Buses Fuelled by Waste
Despite the widely understood advantages of public transport, the one stumbling block particularly for bus and coach travel has always been their dependency on fossil fuel. Although the emissions per passenger are far lower than for an equivalent number of single occupancy cars, the fact remains that they do churn out their share of carbon dioxide – and a number of other noxious gases besides.
There is clearly something of a contradiction in terms to use even the very latest “clean” diesels in a form of transport which is universally promoted as eco-friendly.
All-electric buses, such as the TrolleyCoach, with their zero street-level emissions, low noise and minimal environmental impact are certainly practical for short journeys and LPG – an altogether cleaner burning fuel than diesel – work well for longer trips.
However, few things capture the whole green approach to life as fuelling transport with waste and while on the face of it, the idea sounds rather too good to be true, around the world it is fast becoming a reality.
Coach Trips and Cooking OilIn October 2007, the UK’s first bio-bus initiative was launched – a cooperation between Stagecoach, bio-energy specialists Argent Energy and the East Ayrshire council – and provides a mould-breaking model for the future. Eight buses in the Scottish town of Kilmarnock will be run on pure bio-diesel, which will be made from various waste products from the food industry and used cooking oil, resulting in an annual estimated reduction of around 960 tonnes in carbon emissions.
What makes this project particularly different, however, is the way it has deliberately set out to involve the local people. All the households along the routes have been given a container to collect their used cooking oil for recycling, which, once taken to the council’s recycling plant entitles the resident to “money-off” coupons for bus travel.
In a time when green taxes have largely become the normal way to drive environmentally-friendly behaviour, it comes as a pleasant change to see a reward being offered by way of an incentive – a welcome carrot in a world full of economic sticks!
Green EnergyAs green waste – vegetable matter from our food and gardens – decomposes, it naturally forms biogas, which is rich in methane. Allowing suitable waste to break down under controlled conditions in specially designed bioreactors produces high quality biogas in a very efficient way and could provide another potentially useful fuel for buses. Buses on the island of Mauritius have already begun running on biogas and a number of companies in the UK have also used it in their vehicles.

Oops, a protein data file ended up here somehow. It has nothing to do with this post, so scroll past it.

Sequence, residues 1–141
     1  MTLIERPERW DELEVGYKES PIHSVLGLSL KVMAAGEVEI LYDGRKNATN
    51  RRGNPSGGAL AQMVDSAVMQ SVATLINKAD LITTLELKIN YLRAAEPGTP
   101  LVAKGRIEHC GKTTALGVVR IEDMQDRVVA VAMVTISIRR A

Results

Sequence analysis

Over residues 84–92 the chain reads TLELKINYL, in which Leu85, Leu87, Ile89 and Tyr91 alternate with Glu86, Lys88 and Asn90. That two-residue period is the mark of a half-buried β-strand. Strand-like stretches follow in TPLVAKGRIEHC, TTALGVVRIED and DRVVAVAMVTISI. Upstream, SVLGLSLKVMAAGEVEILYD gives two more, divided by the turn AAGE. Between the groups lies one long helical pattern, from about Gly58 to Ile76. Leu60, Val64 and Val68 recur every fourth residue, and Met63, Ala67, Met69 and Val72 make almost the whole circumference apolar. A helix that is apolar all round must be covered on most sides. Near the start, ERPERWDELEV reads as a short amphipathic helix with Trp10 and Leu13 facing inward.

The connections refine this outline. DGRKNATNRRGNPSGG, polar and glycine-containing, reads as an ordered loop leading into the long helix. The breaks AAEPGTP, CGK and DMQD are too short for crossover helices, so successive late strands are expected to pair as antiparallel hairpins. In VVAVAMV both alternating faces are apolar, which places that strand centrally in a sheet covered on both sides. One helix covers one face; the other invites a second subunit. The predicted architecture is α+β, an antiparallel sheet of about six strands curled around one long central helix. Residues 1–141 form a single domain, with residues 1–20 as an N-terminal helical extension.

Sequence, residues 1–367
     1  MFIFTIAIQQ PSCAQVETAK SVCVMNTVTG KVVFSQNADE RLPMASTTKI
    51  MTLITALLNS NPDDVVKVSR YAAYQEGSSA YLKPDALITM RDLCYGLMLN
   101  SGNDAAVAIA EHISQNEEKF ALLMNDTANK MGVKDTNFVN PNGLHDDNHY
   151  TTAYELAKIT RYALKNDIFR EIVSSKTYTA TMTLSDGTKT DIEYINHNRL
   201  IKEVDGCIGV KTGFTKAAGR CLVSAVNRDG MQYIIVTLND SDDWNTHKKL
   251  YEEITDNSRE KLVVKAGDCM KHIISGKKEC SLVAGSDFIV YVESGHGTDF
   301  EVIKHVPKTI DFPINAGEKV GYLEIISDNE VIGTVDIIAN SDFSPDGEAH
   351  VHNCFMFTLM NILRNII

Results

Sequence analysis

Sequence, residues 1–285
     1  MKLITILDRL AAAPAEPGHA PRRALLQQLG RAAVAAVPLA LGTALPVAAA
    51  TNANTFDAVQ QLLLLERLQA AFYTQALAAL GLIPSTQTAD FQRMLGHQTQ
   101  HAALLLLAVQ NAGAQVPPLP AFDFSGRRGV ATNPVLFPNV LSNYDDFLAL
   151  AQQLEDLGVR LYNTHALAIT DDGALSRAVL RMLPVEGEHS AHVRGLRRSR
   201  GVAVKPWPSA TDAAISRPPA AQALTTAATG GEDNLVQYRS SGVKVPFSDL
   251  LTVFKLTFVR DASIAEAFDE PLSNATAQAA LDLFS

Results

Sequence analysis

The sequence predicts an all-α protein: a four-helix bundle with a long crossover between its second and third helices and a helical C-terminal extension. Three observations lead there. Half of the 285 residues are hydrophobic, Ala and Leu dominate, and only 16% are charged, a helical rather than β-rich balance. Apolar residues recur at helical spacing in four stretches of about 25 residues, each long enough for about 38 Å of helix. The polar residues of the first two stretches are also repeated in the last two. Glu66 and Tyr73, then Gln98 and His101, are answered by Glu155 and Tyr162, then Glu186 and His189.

Although bio-diesel and biogas fuels are a major step forward for environmentally friendly travel, the fact remains that they still involve releasing carbon dioxide – although admittedly not the “ancient” carbon from conventional diesel. Finding a truly clean fuel is the Holy Grail for green travel – and the answer may just lie in hydrogen and fuel cells.
A recent study by the Hydrogen Partnership concluded that London’s rubbish could be used to produce hydrogen – extracting the energy in the waste to form a renewable source of hydrogen. This gas could be used to drive buses without any of the carbon, nitrogen or particulate pollution of today’s fleets, since the only emissions from a fuel cell using pure hydrogen is water.
Such buses have already come through successful trials as part of the EU’s Clean Urban Transport project and a number of European cities – Amsterdam, Barcelona, Berlin, Hamburg and London – have signed up to developing the buses and promoting the technology. Currently fuel cell engines are expensive to produce, but the race is certainly on to make them more commercially available.
The amount of rubbish we generate and the size of our carbon footprints are two of the most pressing contemporary environmental issues, which is probably why the idea of making use of one to solve at least part of the other has such a strong appeal. The fit is a logical one since most waste arises where public transport can be most beneficial – in our towns and cities. Between bio-diesel, biomass and hydrogen-driven fuel cells, the future for clean, green bus fleets looks very likely to be fuelled by waste.